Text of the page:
06 Sep 2013
Long-time college and NFL coach Dave Wannestedt told an ESPN crew that he awarded Dion Lewis a full ride to Pitt after watching just one play of the Browns running back’s high school tape. Sounds foolish, but I won’t lie: There are some plays impressive enough that you realize you’ve seen much of what you need to see. These are rare moments and other than Adrian Peterson, I can’t remember the last time I experienced that feeling about a player after witnessing one play.
While no magic pill, there is a type of play for wide receivers that is guaranteed to heighten my interest in a player. I call it the Money Catch. Give me a receiver who can make these consistently and I’m less concerned about his height, weight, 40-time, bench press, or stats. A receiver who demonstrates this skill may not become an NFL starter, but there are few quality NFL starters who lack this ability.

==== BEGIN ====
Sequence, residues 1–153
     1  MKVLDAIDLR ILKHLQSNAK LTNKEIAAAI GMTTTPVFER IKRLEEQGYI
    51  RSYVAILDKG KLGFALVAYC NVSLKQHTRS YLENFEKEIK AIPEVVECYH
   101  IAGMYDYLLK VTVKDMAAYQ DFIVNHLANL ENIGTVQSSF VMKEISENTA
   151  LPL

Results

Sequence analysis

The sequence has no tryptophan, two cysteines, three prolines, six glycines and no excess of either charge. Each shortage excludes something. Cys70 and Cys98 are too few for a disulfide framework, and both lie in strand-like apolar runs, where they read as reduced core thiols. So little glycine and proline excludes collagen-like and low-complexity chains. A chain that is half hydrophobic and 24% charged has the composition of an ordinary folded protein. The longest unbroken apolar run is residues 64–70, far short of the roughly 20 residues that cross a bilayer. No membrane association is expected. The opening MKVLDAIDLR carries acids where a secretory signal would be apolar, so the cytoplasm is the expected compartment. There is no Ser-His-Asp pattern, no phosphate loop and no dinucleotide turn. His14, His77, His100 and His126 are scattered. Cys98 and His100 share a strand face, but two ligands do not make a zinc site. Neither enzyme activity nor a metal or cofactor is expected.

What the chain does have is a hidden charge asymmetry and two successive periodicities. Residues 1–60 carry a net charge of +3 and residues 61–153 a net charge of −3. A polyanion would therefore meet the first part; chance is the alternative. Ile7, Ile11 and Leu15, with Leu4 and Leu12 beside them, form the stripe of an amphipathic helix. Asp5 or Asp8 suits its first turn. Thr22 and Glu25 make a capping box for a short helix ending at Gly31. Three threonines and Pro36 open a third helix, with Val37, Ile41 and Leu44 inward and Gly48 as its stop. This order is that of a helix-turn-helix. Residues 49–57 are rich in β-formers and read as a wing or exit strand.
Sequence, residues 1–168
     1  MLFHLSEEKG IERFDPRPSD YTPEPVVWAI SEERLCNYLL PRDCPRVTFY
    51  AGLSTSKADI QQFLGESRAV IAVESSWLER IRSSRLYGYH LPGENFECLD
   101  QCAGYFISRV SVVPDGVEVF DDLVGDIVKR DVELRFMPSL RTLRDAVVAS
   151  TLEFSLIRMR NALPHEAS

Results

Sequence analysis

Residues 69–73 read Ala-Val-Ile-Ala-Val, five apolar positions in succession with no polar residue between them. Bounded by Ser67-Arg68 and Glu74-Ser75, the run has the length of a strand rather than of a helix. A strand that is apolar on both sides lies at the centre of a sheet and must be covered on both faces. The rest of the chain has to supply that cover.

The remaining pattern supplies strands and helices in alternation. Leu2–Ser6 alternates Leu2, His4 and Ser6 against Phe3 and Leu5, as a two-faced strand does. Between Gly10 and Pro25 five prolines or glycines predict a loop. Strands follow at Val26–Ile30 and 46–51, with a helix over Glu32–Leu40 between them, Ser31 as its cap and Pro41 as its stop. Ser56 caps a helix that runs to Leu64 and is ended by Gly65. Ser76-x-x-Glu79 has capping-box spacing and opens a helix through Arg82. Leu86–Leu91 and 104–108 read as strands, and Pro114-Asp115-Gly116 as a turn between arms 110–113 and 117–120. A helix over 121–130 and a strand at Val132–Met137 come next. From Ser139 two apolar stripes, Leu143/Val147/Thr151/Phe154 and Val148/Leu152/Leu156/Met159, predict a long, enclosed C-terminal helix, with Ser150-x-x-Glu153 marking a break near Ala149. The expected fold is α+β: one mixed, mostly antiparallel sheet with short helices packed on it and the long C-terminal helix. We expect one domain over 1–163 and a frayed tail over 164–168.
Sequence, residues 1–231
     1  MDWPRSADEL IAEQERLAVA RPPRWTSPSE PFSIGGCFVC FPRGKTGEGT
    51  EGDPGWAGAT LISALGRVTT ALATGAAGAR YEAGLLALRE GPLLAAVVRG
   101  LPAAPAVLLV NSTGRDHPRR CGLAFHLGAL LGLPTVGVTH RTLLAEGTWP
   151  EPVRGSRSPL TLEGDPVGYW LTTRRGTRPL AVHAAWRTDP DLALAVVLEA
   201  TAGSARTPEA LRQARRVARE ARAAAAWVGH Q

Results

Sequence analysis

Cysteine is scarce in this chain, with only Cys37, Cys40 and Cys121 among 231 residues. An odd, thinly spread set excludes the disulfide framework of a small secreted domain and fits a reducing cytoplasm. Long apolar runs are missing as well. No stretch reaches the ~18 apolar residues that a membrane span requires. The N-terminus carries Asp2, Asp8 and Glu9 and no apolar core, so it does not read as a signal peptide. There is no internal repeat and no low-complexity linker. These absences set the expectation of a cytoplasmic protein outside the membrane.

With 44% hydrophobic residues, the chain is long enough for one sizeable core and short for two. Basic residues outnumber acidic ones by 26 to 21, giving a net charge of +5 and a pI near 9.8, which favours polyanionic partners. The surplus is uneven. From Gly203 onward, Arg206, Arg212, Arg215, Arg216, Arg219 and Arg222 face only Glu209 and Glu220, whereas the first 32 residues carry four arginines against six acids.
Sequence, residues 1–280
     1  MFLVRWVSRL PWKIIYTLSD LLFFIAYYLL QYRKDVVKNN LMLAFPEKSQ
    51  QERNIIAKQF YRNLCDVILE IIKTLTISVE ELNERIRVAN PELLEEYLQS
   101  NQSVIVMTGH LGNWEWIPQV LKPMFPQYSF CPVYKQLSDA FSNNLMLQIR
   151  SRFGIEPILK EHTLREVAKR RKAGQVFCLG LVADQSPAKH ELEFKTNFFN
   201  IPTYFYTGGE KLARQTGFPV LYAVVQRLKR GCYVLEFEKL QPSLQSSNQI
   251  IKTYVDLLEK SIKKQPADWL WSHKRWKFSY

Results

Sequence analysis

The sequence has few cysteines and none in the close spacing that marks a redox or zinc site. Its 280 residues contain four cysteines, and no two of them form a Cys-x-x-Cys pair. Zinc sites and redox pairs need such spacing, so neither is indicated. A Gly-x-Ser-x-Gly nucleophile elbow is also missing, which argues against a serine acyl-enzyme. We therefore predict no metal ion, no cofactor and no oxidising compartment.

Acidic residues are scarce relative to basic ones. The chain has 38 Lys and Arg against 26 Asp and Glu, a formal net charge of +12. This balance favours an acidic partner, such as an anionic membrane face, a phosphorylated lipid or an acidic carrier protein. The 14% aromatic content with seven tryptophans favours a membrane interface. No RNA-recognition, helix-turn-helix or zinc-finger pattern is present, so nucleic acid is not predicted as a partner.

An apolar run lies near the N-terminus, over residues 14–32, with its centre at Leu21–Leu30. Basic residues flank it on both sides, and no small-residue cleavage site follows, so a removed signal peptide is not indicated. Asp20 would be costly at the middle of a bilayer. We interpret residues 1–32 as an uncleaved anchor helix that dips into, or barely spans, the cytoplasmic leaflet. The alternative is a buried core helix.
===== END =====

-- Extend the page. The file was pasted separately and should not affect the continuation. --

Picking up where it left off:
University of Miami wide receiver Allen Hurns flashes this skill. The 6’3″, 195-pound prospect also provides a good illustration of a technique flaw I’ve heard many pro receivers discuss: Leaving one’s feet to catch a target that doesn’t require it. I still have more to watch of Hurns’ game, but here are three clear examples of good technique and a habit that needs curbing.
1 comment, Last at 07 Sep 2013, 6:12am by foxlies
You don't see many fifth-round rookie wideouts with real expectations, but Tajae Sharpe is one. Tennessee's poor history of developing wideouts has led to a rare opportunity that Sharpe can seize this season.